Probe into leaked papers submitted to leading engineering conference

Confidential paper trail surfaces online in connection with “tragic situation” of PhD student Huixiang Chen's suicide.

  • Dalmeet Singh Chawla

Credit: Vaselena/Getty

Probe into leaked papers submitted to leading engineering conference

Confidential paper trail surfaces online in connection with “tragic situation” of PhD student Huixiang Chen's suicide.

9 July 2020

Dalmeet Singh Chawla


The close-knit computer engineering community has been rocked to its foundations by a scandal that has so far sparked three investigations. The facts to date:

  • An engineering PhD student dies of apparent suicide at the University of Florida in June 2019, leaving a note alleging research misconduct against his PhD supervisor.

  • Later that month, his supervisor, who denies the allegations, presents a paper they wrote together to their discipline’s most prestigious conference, the International Symposium on Computer Architecture (ISCA), held in Phoenix, Arizona.

  • In December 2019, an investigation into the co-written paper’s peer review process by the two computer engineering professional bodies that ran the conference, the Association for Computing Machinery (ACM) and the Institute of Electrical and Electronics Engineers (IEEE) concludes there was “no evidence of misconduct”.

  • In January 2020, screenshots claimed to be from the PhD student’s laptop, including alleged confidential peer review comments from the co-authored conference paper, are posted anonymously on the digital publishing platform Medium. The Medium article queries the findings of the peer review investigation, alleging that Chen’s laptop also contains hundreds of confidential draft papers by other authors submitted to the conference as well as their referee reports. It includes screenshots which appear to be lists of the papers.

Inquiries underway

An investigation by the University of Florida into the suicide-note allegations by the student, Huixiang Chen against his supervisor, Professor Tao Li, is ongoing. Ron Kozlowski, the attorney representing Chen’s supervisor, Tao Li, says: “We cannot comment except to say that Prof. Tao Li has cooperated fully with investigators and will continue to do so. Thorough investigations will exonerate him of any wrongdoing whatsoever in this tragic situation.”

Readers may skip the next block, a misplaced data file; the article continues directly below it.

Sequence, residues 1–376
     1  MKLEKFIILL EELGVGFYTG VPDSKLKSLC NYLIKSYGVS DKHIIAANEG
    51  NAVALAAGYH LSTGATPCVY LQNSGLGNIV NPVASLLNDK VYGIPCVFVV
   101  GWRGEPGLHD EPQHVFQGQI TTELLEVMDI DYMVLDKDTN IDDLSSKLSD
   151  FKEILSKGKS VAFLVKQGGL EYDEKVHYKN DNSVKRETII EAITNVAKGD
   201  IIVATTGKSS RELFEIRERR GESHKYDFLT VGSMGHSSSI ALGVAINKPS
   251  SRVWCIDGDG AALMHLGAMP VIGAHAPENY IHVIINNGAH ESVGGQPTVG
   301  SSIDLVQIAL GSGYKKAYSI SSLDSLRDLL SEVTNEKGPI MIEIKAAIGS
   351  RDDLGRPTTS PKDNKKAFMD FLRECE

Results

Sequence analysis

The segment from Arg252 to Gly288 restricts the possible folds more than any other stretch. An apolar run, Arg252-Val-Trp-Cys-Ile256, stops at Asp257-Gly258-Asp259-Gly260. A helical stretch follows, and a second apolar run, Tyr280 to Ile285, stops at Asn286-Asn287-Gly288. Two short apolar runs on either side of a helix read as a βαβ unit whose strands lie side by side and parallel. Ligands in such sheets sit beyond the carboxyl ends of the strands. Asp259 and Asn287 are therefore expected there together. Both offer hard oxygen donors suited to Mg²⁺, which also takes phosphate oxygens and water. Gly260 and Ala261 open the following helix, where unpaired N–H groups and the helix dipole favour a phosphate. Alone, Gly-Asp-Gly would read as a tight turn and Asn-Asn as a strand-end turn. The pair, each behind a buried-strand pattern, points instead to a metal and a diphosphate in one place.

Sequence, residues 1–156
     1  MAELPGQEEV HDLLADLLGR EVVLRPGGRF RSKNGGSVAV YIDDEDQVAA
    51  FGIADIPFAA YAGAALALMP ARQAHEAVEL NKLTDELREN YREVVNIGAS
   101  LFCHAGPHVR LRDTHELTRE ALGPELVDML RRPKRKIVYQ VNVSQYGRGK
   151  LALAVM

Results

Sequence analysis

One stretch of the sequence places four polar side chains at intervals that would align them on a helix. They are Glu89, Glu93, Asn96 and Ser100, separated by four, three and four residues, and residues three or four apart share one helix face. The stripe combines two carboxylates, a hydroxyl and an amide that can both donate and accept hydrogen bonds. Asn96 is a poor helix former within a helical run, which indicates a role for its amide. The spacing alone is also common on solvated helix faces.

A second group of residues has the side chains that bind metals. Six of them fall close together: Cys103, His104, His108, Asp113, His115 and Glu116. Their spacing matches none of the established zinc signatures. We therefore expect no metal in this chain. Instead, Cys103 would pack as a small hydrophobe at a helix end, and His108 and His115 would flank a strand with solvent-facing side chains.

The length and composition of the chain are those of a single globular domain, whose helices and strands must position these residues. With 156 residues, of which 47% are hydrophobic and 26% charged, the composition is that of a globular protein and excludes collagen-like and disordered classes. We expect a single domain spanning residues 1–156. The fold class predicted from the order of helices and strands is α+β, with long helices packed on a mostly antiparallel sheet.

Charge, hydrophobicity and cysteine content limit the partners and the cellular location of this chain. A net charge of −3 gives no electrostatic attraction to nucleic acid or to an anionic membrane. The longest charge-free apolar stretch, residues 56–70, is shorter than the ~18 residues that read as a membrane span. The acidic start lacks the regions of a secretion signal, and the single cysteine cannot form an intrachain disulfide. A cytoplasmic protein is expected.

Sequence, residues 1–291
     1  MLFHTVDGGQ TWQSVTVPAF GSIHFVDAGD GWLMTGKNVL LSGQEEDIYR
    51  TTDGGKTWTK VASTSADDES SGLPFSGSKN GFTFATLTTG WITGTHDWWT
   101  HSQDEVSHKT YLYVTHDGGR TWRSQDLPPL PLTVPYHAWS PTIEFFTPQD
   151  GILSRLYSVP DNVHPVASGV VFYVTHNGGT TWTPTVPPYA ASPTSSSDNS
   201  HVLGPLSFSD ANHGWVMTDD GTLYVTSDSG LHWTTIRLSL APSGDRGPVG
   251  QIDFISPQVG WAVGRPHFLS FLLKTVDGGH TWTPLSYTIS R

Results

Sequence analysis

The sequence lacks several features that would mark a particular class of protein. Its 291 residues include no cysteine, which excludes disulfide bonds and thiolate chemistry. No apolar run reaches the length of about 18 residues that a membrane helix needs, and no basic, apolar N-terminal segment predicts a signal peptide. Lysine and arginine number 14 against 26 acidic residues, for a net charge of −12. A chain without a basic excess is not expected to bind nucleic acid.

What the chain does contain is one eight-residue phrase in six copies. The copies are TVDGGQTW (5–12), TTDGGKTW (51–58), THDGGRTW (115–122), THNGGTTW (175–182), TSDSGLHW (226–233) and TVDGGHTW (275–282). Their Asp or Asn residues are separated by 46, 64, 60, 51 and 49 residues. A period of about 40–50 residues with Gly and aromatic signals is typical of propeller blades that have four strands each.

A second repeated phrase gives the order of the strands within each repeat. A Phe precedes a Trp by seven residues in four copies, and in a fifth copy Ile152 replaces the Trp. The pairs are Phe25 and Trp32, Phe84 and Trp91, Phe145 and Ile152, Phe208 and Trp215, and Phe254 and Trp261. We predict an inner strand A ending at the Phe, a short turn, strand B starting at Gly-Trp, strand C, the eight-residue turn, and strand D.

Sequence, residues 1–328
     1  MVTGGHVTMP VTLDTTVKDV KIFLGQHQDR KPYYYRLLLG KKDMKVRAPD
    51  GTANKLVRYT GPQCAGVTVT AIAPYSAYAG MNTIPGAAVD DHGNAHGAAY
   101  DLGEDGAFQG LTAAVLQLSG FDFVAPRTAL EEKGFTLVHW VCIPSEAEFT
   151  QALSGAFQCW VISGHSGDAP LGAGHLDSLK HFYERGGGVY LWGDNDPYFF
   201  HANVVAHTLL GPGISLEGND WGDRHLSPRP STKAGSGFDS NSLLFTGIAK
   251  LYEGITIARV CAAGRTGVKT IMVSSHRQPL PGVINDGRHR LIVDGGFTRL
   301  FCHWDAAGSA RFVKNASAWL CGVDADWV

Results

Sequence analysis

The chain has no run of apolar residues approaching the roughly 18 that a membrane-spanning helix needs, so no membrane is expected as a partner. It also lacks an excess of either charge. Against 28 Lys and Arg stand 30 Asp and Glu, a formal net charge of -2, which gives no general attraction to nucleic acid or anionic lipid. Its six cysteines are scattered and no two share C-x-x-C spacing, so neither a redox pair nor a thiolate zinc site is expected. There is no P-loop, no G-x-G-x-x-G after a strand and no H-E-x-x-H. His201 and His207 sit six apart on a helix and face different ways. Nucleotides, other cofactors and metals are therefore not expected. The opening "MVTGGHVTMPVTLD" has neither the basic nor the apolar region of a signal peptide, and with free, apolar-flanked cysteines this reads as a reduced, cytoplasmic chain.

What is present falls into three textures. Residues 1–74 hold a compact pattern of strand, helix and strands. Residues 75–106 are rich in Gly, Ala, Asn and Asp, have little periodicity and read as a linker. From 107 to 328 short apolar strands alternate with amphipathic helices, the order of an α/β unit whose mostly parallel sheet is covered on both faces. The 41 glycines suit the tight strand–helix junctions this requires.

Huixiang Chen

In February, after publication of the Medium article, the ACM and IEEE launched a further investigation. The committee for that joint investigation consists of ethics and plagiarism experts as well as outside lawyers and others. Emily Reisbaum, an attorney on the committee, said in February that because the committee’s work is underway it would not comment on the matter. More recent requests for comment have gone unanswered.

Melissa Russell, executive director of the IEEE Computer Society, emailed members in February saying the society backed the investigation by the symposium’s two organizing bodies.

“The goal of this investigation will be to determine if policy or procedure violations occurred,” the email said.

Tao Li

A very big deal

For researchers working in the field of computer architecture — a branch of computer science and engineering — ISCA is the most prestigious and respected conference in the world, says Jose Renau, a computer engineer at the University of California, Santa Cruz, who was a member of the program committee, which was part of the reviewing process at ISCA 2019.

The discipline is unusual in that its researchers submit whole papers to the conference that go through rigorous peer review, instead of just submitting abstracts and titles, or conference posters or presentations, as happens for most other academic conferences. Renau says that most researchers only get a chance to present a few papers at the ISCA conference in their lifetime. “It’s a very big deal.”

The Medium article also had screenshots of lists of papers submitted to a related 2019 conference called the IEEE International Symposium on High-Performance Computer Architecture (HPCA).